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Texas A&M Receives Funding for 'Texas Panhandle and Plains Rural Veterinary Practice Revitalization' Program

Posted August 13, 2018

VEROschematic

A schematic of the CVM's new Veterinary Education, Research & Outreach Center that will be housed at West Texas A&M University.

West Texas A&M University (WTAMU) and the Texas A&M Veterinary Education, Research & Outreach (VERO) Center received a four-year, $243,500 grant from the USDA’s National Institute of Food and Agriculture (USDA-NIFA).  Project director Dee Griffin, DVM, and co-director Dan Posey, DVM, both Texas A&M College of Veterinary Medicine & Biomedical Sciences faculty, relocated to WTAMU to establish the partnership between CVM and WTAMU.

The grant funding will be used to support the development and initiation of seven veterinary-centered programs, including: 1) developing fourth-year veterinary student rural clinical training externships; 2) developing summer working internships for Texas A&M College of Veterinary Medicine & Biomedical Sciences (CVM) veterinary students finishing their first or second years; 3) supporting CVM veterinary food animal student mentoring for all students interested in food animal practice; 4) supporting an annual rural veterinary practice and livestock operations tour for selected third-year CVM veterinary students; 5) aggressively recruiting qualified students with rural backgrounds; 6) recruiting outstanding rural students from 4-H and FFA programs to consider a veterinary career; 7) practicing sustainability workshops for Texas Panhandle & Plains (TPH&P) rural veterinarians, which will include training for mentoring veterinary students and improved community communication skills.

Recognizing the need to revitalize veterinary service to animal agriculture in the TPH&P region’s rural communities, the TAMU-CVM created the VERO partnership with WTAMU in Canyon, Texas, hiring two seasoned food animal veterinarians and charging them with aggressively addressing the veterinary shortage issue in rural TPH&P. These two veterinarians, working with TPH&P veterinarians, students, high school teachers, and producer groups have laid the groundwork to ensure program success.

Rural TPH&P has significant, capturable veterinary opportunities. The organization and necessary collaborative partnerships are in place at WTAMU and the VERO to achieve the unique grant funding objectives, and for several of the objectives to become self-sustaining.

Dr. Eleanor M. Green, the Carl B. King Dean of Veterinary Medicine at the CVM, said that the USDA-NIFA funding of this proposal will have a tremendous impact on the ability to grow our efforts and multiply the impact through regional livestock and veterinary groups, such as the Texas Cattle Feeders Association, the High Plains Veterinary Medical Association, and the Panhandle Livestock Professionals.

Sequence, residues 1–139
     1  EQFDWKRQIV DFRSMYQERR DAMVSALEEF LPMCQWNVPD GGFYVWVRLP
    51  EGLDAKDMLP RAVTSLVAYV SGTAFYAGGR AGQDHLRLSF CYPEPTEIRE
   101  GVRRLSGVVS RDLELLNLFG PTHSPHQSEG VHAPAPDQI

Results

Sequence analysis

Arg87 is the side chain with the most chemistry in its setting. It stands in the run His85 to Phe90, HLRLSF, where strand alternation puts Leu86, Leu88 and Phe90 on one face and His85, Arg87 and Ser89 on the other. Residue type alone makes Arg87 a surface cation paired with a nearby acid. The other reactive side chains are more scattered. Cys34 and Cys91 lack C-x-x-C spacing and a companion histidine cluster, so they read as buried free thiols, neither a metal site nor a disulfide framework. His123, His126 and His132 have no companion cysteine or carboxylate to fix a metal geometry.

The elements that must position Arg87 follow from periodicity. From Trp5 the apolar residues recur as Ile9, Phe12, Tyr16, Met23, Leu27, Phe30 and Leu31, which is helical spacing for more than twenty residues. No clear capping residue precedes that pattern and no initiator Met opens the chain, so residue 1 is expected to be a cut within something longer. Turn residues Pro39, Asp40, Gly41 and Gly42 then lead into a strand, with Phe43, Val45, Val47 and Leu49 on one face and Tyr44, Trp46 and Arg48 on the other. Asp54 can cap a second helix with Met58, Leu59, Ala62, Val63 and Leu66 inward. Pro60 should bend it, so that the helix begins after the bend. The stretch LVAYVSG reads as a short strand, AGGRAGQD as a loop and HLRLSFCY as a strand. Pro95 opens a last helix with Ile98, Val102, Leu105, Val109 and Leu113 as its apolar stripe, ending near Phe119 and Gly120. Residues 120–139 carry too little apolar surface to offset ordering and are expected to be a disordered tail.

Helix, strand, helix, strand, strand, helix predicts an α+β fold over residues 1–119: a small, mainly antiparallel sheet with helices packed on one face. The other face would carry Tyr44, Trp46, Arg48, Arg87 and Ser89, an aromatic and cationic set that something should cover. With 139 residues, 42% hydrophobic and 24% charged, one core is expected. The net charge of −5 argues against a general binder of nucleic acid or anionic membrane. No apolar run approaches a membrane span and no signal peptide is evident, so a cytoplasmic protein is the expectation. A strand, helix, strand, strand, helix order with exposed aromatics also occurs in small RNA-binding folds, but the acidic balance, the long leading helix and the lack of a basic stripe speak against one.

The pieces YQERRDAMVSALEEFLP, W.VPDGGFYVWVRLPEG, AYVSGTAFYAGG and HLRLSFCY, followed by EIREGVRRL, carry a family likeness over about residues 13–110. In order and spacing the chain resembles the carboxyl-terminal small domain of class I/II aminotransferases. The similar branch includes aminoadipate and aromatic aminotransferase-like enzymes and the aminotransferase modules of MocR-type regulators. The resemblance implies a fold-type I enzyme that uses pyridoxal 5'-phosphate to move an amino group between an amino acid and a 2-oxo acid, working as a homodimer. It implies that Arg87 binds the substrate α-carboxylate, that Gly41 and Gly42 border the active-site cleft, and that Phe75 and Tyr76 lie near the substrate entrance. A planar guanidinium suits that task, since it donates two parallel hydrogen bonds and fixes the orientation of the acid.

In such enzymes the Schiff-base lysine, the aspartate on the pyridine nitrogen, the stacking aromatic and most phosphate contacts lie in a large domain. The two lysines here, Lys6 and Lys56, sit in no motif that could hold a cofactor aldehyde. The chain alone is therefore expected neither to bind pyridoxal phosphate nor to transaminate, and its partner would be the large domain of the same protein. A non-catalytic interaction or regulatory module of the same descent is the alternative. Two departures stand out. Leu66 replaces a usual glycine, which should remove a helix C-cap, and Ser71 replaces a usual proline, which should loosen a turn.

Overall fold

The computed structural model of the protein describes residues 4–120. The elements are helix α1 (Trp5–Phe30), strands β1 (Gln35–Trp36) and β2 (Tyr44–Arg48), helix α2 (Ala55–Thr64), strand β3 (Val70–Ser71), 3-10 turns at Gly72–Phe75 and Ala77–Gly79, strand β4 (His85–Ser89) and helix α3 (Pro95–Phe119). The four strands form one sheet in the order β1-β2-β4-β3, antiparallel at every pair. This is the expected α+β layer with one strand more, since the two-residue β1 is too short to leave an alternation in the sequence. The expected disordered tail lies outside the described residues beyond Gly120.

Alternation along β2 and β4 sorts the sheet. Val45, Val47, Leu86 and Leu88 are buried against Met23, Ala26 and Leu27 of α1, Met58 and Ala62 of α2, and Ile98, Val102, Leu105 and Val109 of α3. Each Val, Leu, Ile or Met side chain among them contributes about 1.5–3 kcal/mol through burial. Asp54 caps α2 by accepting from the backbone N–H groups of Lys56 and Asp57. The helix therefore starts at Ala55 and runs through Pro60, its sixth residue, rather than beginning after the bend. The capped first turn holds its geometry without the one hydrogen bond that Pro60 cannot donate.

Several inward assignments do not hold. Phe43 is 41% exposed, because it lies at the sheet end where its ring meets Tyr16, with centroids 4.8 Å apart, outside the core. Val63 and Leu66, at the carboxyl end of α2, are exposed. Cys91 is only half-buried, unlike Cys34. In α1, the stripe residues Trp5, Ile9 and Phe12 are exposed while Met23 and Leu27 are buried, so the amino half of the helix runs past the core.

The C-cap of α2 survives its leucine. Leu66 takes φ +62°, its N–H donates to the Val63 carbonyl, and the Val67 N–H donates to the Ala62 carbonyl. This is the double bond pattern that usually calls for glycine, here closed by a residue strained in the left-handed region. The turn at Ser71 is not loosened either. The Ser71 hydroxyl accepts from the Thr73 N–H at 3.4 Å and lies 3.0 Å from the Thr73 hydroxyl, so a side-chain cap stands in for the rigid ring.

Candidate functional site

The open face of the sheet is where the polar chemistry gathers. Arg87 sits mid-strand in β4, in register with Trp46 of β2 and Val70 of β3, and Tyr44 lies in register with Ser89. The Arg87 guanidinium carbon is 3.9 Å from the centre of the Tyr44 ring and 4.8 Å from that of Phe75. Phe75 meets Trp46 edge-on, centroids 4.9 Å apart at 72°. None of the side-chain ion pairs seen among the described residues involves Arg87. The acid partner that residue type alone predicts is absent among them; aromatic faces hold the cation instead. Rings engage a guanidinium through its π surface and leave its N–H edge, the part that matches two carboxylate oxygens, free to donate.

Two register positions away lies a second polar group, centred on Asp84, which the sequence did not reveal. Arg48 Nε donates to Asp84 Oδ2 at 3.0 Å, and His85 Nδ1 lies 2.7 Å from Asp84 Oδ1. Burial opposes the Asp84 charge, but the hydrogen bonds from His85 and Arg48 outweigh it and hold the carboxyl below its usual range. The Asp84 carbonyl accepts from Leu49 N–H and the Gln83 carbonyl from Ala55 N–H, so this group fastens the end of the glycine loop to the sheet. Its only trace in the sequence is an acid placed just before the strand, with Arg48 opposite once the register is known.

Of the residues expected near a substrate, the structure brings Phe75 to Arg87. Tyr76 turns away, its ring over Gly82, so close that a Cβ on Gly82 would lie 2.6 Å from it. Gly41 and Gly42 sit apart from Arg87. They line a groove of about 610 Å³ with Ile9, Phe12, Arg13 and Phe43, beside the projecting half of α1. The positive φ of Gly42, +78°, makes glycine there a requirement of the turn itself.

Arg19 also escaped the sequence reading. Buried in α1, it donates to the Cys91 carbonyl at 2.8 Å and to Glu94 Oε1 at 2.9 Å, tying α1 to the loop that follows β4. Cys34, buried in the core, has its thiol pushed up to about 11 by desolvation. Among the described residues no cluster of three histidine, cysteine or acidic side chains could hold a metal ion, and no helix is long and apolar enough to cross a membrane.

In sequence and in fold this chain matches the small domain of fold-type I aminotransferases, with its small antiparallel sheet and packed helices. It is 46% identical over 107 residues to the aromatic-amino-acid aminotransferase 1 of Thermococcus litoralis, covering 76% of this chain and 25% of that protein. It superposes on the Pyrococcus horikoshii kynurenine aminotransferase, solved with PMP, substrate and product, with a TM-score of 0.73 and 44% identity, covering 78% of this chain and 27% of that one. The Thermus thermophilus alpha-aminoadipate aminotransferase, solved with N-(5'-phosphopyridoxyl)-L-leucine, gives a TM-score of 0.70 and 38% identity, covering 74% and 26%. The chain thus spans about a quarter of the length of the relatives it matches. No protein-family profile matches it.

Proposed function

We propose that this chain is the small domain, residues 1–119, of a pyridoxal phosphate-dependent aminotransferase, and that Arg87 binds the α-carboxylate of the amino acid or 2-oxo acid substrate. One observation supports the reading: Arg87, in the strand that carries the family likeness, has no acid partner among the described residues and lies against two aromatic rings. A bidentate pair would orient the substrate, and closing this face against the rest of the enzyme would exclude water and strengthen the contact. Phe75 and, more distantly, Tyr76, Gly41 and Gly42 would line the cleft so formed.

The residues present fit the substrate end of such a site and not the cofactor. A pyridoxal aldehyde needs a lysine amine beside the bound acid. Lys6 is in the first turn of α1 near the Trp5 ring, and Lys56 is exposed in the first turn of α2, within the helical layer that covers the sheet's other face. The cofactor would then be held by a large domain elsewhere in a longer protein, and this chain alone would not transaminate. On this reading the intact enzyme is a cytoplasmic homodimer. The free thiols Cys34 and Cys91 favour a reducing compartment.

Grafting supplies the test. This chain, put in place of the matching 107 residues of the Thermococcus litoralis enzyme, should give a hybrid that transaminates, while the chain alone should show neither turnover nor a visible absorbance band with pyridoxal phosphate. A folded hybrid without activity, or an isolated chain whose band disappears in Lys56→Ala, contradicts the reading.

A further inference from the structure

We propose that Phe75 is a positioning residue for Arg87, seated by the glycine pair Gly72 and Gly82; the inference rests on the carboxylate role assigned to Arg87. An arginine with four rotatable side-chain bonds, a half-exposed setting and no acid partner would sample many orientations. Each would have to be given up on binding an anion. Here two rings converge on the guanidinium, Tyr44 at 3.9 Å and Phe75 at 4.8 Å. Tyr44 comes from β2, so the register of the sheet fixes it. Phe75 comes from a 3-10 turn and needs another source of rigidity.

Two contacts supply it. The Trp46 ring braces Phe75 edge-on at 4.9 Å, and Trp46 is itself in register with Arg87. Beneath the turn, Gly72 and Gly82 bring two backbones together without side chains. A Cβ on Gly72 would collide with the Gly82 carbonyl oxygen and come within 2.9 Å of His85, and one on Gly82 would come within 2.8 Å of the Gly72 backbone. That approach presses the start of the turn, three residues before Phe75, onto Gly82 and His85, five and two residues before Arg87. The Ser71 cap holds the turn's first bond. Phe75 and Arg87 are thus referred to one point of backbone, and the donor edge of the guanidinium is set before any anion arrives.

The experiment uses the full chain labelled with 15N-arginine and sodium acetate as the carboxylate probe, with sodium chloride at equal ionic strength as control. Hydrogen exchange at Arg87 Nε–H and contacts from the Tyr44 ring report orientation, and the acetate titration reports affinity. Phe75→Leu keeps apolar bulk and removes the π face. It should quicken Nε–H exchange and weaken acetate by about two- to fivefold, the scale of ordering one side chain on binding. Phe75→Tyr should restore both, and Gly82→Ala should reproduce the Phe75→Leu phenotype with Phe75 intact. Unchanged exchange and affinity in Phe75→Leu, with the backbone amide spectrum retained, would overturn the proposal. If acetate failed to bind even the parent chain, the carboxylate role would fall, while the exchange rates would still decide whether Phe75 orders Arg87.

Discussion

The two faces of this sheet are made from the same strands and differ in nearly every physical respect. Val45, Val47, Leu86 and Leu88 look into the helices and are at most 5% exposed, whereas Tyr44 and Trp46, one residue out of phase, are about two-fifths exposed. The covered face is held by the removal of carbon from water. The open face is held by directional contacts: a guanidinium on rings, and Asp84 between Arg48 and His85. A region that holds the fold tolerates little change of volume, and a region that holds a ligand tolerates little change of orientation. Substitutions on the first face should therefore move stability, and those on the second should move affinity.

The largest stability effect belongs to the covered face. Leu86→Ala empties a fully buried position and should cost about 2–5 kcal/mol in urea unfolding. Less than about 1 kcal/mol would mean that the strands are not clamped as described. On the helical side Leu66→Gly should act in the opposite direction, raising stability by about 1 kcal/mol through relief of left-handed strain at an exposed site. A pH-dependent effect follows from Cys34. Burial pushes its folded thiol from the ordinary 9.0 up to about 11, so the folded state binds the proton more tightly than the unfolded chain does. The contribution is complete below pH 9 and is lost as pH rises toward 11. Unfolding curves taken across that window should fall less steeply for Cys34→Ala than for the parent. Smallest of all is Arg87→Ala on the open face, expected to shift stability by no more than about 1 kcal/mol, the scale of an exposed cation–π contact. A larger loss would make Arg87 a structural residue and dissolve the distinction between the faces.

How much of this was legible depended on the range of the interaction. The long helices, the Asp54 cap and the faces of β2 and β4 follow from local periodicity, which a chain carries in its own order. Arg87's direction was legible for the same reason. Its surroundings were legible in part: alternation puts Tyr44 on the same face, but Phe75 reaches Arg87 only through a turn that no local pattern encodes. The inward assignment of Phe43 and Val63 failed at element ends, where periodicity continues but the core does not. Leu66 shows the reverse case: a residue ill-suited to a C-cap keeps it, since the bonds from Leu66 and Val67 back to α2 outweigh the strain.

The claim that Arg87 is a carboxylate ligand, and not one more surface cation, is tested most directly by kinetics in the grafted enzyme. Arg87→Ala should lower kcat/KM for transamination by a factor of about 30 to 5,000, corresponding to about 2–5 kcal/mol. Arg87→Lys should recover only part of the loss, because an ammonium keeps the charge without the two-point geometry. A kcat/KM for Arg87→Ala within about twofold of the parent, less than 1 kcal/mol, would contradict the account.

“The revitalization of veterinary health care in the Texas Panhandle and High Plains regions has been on the agenda of West Texas citizens for some time,” Green said. “Their concern has matched our recognition of the need to further support veterinary health care in the beef epicenter of the nation and in surrounding rural communities in a way that has the potential to be a national model.”

“The USDA-NIFA grant will make a tremendous impact on the TAMU-CVM efforts to revitalize Texas Panhandle veterinary service,” said Walter V. Wendler, president of West Texas A&M University. “Currently, TAMU-CVM is making a significant investment at West Texas A&M to better serve the veterinary needs of Texas Panhandle communities through veterinary student training, veterinary research, and veterinary outreach. The educational goals target TAMU-CVM students to provide training in livestock services and service to rural communities. We believe that if we recruit and train veterinary students in the Panhandle, we have a better chance of getting them to return to build their practices and build their lives in our rural communities.”

Griffin, who is also professor and director of the VERO, said, “With the successful funding of the USDA-NIFA grant, the TAMU-CVM, along with WTAMU, is taking another step forward in firmly establishing a CVM satellite in the Panhandle.  The satellite will support training of veterinary students at every level of their education.”

“Being awarded this grant for the next four years allows us to have a positive impact to assist in the rural practice revitalization,” said Posey, who is also professor and academic coordinator at WTAMU. “We are very excited about our ability to continue to offer innovative training for veterinary students through this grant and to support a food animal mentoring program, aggressively recruit future veterinarians, and hold workshops on rural practice sustainability. This is an exciting time in the Texas Panhandle.”

Collaborators on the grant include: Brandon Dominguez, DVM; Amanda Hartnack, DVM; Glennon Mays, DVM; Tanner Robinson, Ph.D.; Juan Romano, DVM, Ph.D.; Allen Roussel, DVM; Kevin Washburn, DVM; and Kevin Williams, Ph.D.

 

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For more information about the Texas A&M College of Veterinary Medicine & Biomedical Sciences, please visit our website at vetmed.tamu.edu or join us on Facebook, Instagram, and Twitter.

Contact Information: Megan Palsa, Executive Director of Communications, Media & Public Relations, Texas A&M College of Veterinary Medicine & Biomedical Science; mpalsa@cvm.tamu.edu; 979-862-4216; 979-421-3121 (cell)




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